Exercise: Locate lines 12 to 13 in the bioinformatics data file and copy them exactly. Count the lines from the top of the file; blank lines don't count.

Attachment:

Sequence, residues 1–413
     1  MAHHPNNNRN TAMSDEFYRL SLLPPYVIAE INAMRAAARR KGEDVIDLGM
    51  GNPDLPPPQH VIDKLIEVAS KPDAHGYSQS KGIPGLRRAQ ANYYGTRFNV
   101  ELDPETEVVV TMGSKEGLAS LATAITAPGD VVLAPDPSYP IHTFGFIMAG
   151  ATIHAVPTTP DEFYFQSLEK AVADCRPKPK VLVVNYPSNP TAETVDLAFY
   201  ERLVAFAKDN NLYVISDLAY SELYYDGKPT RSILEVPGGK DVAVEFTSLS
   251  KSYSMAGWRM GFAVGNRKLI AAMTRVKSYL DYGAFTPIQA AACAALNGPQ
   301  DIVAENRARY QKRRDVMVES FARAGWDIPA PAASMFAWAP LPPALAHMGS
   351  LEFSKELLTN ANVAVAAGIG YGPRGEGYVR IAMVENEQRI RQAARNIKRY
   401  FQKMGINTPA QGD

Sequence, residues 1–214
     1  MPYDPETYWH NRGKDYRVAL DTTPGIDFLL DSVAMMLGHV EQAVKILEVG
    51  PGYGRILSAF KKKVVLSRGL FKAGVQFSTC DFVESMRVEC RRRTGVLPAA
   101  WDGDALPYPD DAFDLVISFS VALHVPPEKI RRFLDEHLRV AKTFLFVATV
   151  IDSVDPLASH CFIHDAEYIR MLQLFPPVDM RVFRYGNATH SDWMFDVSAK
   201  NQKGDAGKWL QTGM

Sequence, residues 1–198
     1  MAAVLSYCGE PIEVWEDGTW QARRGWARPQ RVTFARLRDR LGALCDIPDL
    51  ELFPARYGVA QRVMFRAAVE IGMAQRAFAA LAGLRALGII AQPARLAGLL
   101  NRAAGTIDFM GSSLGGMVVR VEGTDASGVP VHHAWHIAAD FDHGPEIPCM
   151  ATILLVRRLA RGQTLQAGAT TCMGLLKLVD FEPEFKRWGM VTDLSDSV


     1  MPYDPETYWH NRGKDYRVAL DTTPGIDFLL DSVAMMLGHV EQAVKILEVG
    51  PGYGRILSAF KKKVVLSRGL FKAGVQFSTC DFVESMRVEC RRRTGVLPAA